You only need one kettlebell and five moves to boost your balance and build muscle all over

Build a strong, functional body and improve your coordination with this quick kettlebell session

Woman doing a single-leg deadlift with a kettlebell
(Image credit: Getty)

It’s easy to focus on the aesthetic impacts of working out, but this means we can often overlook the many health and wellbeing benefits exercise offers, from boosting our mood to improving the way we move. 

Functional strength training workouts, like this kettlebell session from fitness trainer Rhiannon Bailey, are great for building practical muscle that you can put to use in everyday life, whether you're carrying shopping bags or climbing a flight of stairs.

This is because functional training builds full-body strength using compound exercises like the squat, deadlift, and push-up, which closely mirror daily tasks such as standing up from a chair or picking up a heavy object. 

Bailey's workout includes five functional moves split into two circuits. Perform the first two moves back to back for eight-12 repetitions each, rest for 60 seconds, then repeat. Continue this for four rounds in total. 

After you've finished this, rest for two minutes then complete four rounds of the second, three-move circuit, sticking to the same number of repetitions as before. 

For more details on the five exercises and a demonstration of how to perform each one correctly, watch Bailey's video below. 

Watch Rhiannon Bailey's five-move kettlebell workout

This session includes several unilateral (or one-sided) exercises, each of which will provide a core workout and help improve your balance. 

This is because they challenge you to hold the kettlebell away from your center of gravity and remain stable while standing on one leg, kicking your midsection muscles into action to support your spine and torso.  

These moves, like the single-leg Romanian deadlift and reverse lunges, might feel tricky at first, so try practising them without any extra weight to start with. To build a balanced body, you should also swap which hand you are holding the kettlebell with each round.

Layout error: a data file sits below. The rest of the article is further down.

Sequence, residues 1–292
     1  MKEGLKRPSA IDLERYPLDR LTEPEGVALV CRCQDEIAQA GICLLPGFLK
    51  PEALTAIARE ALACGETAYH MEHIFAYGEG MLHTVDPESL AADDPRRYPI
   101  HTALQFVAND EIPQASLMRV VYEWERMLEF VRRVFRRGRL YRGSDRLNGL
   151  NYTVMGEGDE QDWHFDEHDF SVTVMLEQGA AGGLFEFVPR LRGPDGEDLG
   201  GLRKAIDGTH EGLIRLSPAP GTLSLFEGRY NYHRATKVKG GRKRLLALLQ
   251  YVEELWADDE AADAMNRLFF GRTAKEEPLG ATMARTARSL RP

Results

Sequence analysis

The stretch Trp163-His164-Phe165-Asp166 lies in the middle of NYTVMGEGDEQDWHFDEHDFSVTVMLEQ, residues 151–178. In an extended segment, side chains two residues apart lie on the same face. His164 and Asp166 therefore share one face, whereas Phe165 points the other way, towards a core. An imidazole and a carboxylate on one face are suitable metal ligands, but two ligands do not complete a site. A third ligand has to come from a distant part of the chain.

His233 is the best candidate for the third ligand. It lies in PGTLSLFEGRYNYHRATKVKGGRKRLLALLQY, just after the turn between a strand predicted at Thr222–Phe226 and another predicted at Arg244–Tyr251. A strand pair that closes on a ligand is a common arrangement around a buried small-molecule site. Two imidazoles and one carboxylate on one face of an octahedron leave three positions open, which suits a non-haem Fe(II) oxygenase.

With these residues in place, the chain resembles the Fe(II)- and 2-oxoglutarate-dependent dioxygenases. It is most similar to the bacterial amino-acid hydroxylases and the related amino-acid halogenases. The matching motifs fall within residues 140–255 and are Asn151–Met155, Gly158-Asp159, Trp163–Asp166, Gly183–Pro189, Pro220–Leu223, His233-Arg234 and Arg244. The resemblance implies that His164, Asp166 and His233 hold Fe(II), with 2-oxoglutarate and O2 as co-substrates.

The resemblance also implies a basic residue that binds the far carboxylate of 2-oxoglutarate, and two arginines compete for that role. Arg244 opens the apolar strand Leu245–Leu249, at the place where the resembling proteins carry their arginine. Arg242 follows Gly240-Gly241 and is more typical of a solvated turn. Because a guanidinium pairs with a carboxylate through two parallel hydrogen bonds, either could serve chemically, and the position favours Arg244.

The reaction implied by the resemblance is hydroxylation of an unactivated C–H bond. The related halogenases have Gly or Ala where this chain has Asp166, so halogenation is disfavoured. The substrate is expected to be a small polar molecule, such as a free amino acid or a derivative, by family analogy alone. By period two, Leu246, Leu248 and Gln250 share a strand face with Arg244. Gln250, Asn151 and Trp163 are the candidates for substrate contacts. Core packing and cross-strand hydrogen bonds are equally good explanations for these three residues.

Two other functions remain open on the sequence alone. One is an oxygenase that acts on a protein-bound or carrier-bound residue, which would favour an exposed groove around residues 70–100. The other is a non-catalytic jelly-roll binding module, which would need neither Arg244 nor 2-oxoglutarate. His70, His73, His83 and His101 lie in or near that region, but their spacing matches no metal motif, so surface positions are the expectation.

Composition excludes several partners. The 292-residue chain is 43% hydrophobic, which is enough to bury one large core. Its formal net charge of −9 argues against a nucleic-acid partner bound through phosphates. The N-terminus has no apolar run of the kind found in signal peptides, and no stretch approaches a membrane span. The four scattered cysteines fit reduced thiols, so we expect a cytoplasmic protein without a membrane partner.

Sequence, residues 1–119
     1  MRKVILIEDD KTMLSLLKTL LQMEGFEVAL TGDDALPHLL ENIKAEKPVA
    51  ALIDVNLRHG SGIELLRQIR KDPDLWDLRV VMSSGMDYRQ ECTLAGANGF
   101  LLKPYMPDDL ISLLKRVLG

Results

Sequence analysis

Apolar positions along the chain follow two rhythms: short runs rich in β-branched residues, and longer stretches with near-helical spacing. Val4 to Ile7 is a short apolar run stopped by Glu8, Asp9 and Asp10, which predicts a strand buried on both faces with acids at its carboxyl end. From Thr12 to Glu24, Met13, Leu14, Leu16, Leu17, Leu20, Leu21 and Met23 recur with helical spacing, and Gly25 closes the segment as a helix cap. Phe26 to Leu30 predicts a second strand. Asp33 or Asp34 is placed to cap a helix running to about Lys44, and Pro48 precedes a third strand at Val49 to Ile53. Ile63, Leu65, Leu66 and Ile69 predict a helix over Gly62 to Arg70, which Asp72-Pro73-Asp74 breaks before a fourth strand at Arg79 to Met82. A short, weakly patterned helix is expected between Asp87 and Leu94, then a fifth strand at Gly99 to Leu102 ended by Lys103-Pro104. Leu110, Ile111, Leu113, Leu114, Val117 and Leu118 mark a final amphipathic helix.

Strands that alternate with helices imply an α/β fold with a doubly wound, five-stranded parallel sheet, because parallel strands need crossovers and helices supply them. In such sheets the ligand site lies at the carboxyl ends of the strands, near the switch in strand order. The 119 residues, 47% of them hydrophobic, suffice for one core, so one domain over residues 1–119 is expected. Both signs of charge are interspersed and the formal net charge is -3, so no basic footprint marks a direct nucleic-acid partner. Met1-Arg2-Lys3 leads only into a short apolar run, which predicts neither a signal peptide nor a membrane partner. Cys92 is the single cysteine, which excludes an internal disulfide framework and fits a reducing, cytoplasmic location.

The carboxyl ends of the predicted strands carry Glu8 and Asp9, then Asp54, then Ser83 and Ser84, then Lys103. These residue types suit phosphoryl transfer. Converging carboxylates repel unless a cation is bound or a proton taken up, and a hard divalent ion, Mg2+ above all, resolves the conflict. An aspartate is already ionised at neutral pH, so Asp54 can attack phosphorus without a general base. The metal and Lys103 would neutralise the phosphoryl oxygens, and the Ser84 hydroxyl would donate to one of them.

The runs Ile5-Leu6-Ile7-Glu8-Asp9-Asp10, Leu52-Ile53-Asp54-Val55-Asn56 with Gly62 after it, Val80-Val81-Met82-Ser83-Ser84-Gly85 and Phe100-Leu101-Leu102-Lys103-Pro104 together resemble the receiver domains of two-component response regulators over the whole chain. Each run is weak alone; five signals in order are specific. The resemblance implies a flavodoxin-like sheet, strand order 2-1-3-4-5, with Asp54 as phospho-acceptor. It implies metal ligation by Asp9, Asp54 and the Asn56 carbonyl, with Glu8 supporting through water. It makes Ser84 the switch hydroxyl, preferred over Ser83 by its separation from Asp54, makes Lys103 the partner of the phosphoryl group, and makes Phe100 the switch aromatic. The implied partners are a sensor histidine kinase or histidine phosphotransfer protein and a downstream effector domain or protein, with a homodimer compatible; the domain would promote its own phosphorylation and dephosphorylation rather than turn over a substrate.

As this workout uses a kettlebell rather than gym machines (which are designed to follow a pre-set movement pattern) it also requires good coordination. Try to move at a steady and controlled pace while focusing on your form to ensure you're engaging the targeted muscles. 

If you’re looking for more enjoyable ways to boost your balance and coordination, try these balance board exercises . This bodyweight abs routine is also great for building a strong core and improving your stability.

Alice Porter
Freelancer Writer

Alice Porter is a freelance journalist covering lifestyle topics including health, fitness and wellness. She is particularly interested in women's health, strength training and fitness trends and writes for publications including Stylist Magazine, Refinery29, The Independent and Glamour Magazine. Like many other people, Alice's personal interest in combining HIIT training with strength work quickly turned into a CrossFit obsession and she trains at a box in south London. When she's not throwing weights around or attempting handstand push-ups, you can probably find her on long walks in nature, buried in a book or hopping on a flight to just about anywhere it will take her.